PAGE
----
Friday, January 07, 2011

A Game of Two Halves

I'm finding that as the TDC Cabinet Member for Planning, I'm frequently the last person, if at all, that any member of the public, opposition councillors or indeed the media, asks when it comes to finding an authoritative response on an issue; even though readers will know, I'm easy to contact and quick to share information where I can. Last month's Montefiore tennis courts debacle in council was an example of what happens when the facts are ignored and an already resolved issue finds a new life of its own as a convenient  political football.

Another example was the artistic photograph of a Ramsgate hairdresser's wife displayed on the wall of the building in the town's conservation area. The headlines scream: "Council Loses Battle" but the reality is somewhat different. One can't put-up a large advertising poster on a building in a conservation area without planning permission. It's like putting-up fly-posters! Without approval, you can be prosecuted. Fill-in the appropriate application form, as I said in a BBC news interview in the summer and your request will be properly considered. So when finally these forms were duly completed and submitted, the application was granted. End of story. No lost battle on my part but hey, didn't it look good in newspapers! And did anyone bother to ask? Of course not because then, it wouldn't have been a good story!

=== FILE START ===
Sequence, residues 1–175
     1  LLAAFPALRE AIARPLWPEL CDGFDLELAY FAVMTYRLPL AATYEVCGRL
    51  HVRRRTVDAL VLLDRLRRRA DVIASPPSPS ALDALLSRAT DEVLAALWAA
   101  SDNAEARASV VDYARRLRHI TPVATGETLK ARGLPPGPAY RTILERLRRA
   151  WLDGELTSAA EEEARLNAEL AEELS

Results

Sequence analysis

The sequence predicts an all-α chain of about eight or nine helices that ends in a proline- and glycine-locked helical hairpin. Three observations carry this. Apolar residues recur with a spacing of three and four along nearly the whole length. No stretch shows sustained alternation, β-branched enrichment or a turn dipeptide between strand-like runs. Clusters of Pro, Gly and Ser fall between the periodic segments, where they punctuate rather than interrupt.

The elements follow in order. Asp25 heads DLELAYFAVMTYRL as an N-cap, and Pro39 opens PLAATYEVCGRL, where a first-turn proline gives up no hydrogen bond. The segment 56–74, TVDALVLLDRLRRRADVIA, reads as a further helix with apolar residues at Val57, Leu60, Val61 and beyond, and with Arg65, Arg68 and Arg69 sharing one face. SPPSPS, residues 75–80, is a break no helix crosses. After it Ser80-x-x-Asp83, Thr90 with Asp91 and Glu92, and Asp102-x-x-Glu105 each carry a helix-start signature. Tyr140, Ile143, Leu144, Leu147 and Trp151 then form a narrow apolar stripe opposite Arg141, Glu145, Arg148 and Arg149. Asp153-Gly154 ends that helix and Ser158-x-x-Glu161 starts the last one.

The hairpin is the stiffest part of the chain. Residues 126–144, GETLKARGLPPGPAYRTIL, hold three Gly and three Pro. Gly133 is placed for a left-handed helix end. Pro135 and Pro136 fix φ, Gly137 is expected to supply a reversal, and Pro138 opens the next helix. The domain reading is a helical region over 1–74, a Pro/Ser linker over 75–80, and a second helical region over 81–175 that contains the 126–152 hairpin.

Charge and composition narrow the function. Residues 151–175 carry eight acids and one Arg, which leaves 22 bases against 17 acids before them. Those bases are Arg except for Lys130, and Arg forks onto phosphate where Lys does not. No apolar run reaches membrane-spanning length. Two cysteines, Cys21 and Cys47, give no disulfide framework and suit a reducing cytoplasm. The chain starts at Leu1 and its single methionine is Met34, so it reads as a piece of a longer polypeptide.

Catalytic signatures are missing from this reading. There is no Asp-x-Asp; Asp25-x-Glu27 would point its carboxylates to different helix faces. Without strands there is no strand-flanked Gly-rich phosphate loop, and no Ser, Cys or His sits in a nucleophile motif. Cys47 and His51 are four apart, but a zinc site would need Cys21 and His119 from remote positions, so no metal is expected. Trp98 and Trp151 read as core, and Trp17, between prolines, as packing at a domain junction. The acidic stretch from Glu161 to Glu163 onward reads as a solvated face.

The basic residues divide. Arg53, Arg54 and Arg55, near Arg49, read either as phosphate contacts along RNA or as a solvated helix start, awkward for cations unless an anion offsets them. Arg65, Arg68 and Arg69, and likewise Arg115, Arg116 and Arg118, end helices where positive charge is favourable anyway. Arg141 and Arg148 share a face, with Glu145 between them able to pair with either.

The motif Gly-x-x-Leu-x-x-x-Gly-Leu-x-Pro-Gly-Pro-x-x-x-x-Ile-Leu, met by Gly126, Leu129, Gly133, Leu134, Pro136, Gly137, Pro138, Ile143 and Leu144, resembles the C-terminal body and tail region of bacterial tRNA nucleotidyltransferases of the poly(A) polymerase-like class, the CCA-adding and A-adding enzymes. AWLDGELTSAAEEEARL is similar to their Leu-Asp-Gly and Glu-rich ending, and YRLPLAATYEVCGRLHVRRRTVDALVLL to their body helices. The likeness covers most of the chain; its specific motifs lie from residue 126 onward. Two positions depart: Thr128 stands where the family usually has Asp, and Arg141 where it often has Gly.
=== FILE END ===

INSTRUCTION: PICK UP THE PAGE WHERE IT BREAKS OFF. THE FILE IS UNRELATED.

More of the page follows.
This evening, I would like to set the record straight with the correct position relating to development at Margate Football Club’s Hartsdown site.

There have recent been reports in the press that may have given residents the wrong impression and I think it’s important to make it clear exactly what’s happening.

Firstly, I have to go back to 2006. That’s when the club received planning permission for a development that included a football stadium, 80-bed hotel, children’s play area, fitness club, theme bar, conference and banqueting suites, along with 10 five-a-sides and one full-size all-weather pitch. That application and the process it went through, before being approved, received widespread publicity at the time.